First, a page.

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The GGIP Group is formed by concerned scholars and scientists situated in various fields (science and technology studies, anthropology, environmental science and policy, gender studies, genetics, sociology) interested in fostering analysis and discussion about the social, political repercussions of genomic research. The GGIP site seeks to assist indigenous peoples around the world by providing critical and independent commentary and relevant information on emerging forms of biotechnology affecting their cultural specificity and rights.

The latest issue of Current Anthropology features a suggestive article by Jenny Reardon and Kim TallBear that calls for a change in scientific education in order to enable different interactions between indigenous people and scientists. Abstract: During the nineteenth century, the American School of Anthropology enfolded Native peoples into their histories, claiming knowledge about and artifacts of these cultures as their rightful inheritance and property. Drawing both on the Genographic Project and the recent struggles between Arizona State University and the Havasupai Tribe over the use of Havasupai DNA, in this essay we describe how similar enfoldments continue today—despite most contemporary human scientists’ explicit rejection of hierarchical ideas of race. We seek to bring greater clarity and visibility to these constitutive links between whiteness, property, and the human sciences in order that the fields of biological anthropology and population genetics might work to move toward their stated commitments to antiracism (a goal, we argue, that the fields’ antiracialism impedes). Specifically, we reflect on how these links can inform extralegal strategies to address tensions between U.S. and other indigenous peoples and genome scientists and their facilitators (ethicists, lawyers, and policy makers). We conclude by suggesting changes to scientific education and professional standards that might improve relations between indigenous peoples and those who study them, and we introduce mechanisms for networking between indigenous peoples, scholars, and policy makers concerned with expanding indigenous governance of science and technology.

Download below to read the full article:

(2012). “ ‘Your DNA is our history’ Genomics, Anthropology, and the Construction of Whiteness as Property”. Current Anthropology 53(Supplement 5): S233-S245.

Palgrave-MacMillan just released a new edited volume that reflects on the intersections of cultural and biological identity, health, and research agendas in South America, particularly focusing on Argentina, Brazil, Colombia and Uruguay. The book, edited by Sahra Gibbon, Ricardo Ventura Santos and Mónica Sans, offers cross-cultural readings of the conceptual problems of population making in the areas of genetic ancestry and biomedicine, the political economy of health, the practice of bioethics, and the emergence of contested biological and cultural identities. The contributors in the volume represent different academic perspectives such as sociocultural and biological anthropology, science and technology studies, biology and human geneticists.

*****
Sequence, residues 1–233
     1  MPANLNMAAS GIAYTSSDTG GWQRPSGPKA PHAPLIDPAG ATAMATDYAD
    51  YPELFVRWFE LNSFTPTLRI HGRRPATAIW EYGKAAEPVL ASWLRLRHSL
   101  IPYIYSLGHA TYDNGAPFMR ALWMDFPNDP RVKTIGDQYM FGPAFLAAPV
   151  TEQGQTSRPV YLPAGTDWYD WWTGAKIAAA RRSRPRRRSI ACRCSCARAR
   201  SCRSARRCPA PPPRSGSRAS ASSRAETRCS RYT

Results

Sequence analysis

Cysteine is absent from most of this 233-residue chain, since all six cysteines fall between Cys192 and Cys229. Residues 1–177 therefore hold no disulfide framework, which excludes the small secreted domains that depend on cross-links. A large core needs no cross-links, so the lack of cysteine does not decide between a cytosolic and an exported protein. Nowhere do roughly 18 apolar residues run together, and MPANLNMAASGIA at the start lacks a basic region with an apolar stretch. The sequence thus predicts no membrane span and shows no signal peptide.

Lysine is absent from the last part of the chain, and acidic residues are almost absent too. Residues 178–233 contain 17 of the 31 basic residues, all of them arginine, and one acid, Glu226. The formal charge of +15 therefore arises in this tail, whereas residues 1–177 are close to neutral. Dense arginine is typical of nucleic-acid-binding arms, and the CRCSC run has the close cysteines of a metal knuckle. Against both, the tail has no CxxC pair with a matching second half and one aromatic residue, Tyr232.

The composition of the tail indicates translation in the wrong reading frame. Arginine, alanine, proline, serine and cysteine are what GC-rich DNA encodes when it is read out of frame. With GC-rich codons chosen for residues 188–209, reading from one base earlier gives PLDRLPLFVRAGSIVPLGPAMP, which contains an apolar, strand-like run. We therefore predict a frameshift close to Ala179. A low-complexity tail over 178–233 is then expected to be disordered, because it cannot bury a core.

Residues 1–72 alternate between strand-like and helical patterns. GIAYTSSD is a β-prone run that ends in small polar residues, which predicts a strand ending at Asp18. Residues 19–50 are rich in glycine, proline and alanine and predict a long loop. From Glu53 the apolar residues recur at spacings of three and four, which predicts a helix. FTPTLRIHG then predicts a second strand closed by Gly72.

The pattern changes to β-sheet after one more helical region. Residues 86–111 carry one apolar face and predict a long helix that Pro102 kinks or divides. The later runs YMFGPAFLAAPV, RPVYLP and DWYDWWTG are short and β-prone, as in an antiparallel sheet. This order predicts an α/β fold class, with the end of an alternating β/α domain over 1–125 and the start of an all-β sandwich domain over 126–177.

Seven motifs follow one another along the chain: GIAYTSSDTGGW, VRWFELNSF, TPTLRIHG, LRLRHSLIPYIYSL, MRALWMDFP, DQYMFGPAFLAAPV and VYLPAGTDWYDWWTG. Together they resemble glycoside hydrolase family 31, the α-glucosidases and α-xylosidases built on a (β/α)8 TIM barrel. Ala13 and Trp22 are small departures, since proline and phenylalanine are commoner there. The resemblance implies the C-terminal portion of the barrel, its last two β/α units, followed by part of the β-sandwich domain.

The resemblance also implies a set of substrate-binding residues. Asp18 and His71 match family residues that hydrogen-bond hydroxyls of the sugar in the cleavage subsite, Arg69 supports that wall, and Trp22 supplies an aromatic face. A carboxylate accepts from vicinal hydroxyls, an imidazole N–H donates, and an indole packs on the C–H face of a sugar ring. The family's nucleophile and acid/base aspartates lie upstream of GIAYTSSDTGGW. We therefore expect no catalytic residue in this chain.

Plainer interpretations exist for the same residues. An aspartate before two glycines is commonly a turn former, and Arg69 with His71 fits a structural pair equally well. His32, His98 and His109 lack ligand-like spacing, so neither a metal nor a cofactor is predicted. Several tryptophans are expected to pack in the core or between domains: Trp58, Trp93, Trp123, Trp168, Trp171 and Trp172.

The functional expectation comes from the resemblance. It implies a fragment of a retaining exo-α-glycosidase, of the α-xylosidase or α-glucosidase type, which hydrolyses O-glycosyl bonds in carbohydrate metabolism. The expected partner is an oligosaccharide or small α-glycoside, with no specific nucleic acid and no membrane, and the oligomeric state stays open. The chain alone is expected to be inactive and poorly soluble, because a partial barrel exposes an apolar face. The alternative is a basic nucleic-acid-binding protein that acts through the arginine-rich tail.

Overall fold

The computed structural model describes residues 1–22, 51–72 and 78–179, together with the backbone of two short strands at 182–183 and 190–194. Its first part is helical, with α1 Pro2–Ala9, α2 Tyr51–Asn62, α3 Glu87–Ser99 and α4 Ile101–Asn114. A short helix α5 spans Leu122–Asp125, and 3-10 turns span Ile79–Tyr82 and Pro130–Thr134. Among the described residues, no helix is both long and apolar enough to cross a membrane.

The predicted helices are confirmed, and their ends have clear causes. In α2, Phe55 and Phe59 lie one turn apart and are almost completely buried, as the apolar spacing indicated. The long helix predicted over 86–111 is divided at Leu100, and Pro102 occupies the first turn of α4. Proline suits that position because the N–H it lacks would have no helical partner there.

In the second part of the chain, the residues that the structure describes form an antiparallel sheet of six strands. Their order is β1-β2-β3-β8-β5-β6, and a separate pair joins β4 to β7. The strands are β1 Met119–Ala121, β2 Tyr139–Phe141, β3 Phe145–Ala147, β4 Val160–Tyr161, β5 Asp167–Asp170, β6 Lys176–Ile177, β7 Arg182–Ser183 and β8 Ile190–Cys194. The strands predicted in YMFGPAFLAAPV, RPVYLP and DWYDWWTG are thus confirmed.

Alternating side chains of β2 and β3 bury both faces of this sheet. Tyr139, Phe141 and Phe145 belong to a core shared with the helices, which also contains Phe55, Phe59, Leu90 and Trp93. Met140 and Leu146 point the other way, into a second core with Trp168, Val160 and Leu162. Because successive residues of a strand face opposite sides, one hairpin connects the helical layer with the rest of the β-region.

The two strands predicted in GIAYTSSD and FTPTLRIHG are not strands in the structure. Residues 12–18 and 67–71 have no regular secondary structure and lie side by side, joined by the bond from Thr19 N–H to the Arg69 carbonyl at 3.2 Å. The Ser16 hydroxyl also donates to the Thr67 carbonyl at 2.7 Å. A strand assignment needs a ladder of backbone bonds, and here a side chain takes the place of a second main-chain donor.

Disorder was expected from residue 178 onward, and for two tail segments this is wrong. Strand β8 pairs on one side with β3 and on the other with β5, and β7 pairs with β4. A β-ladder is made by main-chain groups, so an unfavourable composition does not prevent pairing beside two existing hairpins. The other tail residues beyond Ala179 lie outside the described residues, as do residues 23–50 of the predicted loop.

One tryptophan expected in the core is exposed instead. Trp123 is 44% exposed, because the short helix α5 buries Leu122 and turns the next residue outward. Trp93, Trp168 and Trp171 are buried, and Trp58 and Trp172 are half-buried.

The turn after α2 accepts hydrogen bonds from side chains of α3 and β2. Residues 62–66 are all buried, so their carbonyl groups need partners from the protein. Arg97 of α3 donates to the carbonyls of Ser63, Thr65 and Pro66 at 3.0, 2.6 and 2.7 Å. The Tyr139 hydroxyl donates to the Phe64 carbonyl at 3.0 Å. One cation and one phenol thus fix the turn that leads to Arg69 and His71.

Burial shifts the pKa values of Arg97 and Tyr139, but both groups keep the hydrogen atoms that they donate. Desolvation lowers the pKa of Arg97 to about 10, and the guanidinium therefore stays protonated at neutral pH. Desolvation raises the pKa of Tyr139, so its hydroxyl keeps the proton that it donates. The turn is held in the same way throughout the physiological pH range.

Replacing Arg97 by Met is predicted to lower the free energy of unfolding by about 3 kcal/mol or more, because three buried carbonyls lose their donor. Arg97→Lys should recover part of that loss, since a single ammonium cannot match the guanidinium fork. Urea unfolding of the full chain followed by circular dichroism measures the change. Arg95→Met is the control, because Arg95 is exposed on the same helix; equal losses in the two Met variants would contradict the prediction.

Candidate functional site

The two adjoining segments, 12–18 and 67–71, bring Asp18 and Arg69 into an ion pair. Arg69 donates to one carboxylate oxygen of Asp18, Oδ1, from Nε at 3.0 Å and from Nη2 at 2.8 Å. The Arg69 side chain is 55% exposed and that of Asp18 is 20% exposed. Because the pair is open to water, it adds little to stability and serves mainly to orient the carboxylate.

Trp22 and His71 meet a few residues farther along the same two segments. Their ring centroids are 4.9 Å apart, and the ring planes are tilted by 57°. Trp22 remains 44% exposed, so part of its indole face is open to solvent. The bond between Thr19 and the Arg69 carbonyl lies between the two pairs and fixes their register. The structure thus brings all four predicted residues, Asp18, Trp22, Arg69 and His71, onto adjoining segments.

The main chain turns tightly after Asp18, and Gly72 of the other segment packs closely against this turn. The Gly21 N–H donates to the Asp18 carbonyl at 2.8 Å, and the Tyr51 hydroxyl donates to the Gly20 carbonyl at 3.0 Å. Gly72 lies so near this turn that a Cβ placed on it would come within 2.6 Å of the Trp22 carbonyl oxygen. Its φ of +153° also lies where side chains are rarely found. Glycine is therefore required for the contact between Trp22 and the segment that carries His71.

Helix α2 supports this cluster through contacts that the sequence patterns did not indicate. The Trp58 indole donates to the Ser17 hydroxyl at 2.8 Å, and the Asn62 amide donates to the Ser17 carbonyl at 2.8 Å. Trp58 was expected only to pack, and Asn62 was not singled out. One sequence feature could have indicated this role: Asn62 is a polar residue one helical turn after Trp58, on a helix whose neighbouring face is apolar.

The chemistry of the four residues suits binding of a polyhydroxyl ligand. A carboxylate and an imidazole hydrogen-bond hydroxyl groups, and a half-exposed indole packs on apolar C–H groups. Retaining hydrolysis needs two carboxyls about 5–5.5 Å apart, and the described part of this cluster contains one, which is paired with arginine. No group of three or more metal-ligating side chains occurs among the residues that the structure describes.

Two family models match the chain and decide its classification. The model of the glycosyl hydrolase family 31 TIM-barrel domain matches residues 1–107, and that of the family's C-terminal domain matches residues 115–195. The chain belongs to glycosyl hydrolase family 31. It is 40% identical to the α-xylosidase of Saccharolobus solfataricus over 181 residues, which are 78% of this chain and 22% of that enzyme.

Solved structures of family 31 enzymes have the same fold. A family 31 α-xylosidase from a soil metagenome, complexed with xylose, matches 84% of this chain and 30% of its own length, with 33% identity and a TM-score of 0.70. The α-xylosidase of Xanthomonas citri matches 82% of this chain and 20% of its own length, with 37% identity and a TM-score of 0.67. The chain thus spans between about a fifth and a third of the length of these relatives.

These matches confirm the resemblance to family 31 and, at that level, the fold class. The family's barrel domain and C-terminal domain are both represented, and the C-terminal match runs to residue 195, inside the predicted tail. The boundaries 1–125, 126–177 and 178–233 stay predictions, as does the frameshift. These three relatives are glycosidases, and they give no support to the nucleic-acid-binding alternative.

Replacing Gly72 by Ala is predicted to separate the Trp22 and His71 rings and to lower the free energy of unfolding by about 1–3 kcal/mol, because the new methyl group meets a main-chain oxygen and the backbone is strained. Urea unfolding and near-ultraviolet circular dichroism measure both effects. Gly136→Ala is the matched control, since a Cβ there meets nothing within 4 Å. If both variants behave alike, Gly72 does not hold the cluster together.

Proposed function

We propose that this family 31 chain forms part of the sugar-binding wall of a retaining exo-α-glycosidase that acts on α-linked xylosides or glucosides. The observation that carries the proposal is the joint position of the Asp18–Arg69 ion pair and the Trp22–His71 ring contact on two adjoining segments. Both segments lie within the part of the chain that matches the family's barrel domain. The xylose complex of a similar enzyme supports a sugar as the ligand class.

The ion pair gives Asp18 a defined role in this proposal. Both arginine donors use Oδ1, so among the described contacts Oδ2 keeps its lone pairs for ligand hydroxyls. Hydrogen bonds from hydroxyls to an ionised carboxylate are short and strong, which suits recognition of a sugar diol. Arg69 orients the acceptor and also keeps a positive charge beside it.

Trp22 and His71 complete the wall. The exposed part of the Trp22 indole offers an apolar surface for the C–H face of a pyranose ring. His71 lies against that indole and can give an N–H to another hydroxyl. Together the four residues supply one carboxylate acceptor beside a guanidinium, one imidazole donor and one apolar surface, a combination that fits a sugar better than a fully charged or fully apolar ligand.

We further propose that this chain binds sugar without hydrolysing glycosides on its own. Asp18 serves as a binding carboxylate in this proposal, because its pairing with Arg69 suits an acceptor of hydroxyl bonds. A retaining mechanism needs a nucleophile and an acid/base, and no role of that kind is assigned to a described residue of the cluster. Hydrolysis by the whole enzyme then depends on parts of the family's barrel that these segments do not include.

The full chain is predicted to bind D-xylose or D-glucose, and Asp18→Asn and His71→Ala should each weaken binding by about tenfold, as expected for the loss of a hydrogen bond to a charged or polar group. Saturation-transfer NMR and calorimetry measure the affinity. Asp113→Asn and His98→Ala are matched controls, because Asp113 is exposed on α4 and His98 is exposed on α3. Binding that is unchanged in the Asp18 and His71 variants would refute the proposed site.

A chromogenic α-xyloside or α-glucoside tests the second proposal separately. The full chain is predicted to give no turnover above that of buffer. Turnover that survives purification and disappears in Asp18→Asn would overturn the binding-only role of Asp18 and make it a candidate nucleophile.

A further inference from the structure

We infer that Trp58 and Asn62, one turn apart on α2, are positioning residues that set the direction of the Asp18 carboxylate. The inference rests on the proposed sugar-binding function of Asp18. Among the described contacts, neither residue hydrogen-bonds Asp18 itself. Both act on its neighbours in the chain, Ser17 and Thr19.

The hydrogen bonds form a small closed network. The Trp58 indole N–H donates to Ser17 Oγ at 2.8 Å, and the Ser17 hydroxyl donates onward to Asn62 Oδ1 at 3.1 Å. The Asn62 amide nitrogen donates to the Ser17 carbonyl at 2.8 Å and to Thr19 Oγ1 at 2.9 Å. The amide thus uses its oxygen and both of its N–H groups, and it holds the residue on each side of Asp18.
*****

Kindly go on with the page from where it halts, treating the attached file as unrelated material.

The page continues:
“This is an exceedingly original, interesting, and very important work for anthropology. Its major strength is its conceptual sophistication and the potential to make a substantial, groundbreaking contribution in anthropology, science studies, and global health. This is bio-cultural anthropology at its best.” Jonathan Marks, Department of Anthropology, UNC-Charlotte

Description: The purpose of this program is to promote an understanding of field-oriented environmental biology and how field research is conducted. The program helps to prepare Native American students for advanced studies in environmental biology, so they can better manage biological resources on their lands. Also, the program promotes understanding of Native American attitudes towards the environment in non-Native American students interested in the environment, so they can incorporate these cultural insights into better management. These goals are achieved through interactions with the Confederated Salish and Kootenai tribal cultural preservation and natural resource departments, the Lac du Flambeau natural resource department, the Great Lakes Indian Fish and Wildlife Commission and through dialogue and collaboration between students enrolled in the program. Qualifications: Native American descent; Minimum of Sophomore standing in an accredited college; Planning to obtain a 4-year degree in the environmental sciences; Admission based on past academic performance and statement of purpose. Where?: University of Notre Dame with Confederated Salish and Kootenai Tribes Deadline: November 4, 2011. More information available at

Duke University Press just published Sandra Harding’s new edited volume “The Postcolonial Science and Technology Studies Reader”. The selection of authors and topics makes possible a dialogue between feminist theory, postcolonial studies, and science and technology studies. From DUP website: “The contributors reevaluate conventional accounts of the West’s scientific and technological projects in the past and present, rethink the strengths and limitations of non-Western societies’ knowledge traditions, and assess the legacies of colonialism and imperialism. The collection concludes with forward-looking essays, which explore strategies for cultivating new visions of a multicultural, democratic world of sciences and for turning those visions into realities. Feminist science and technology concerns run throughout the reader and are the focus of several essays. Harding provides helpful background for each essay in her introductions to the reader’s four sections.”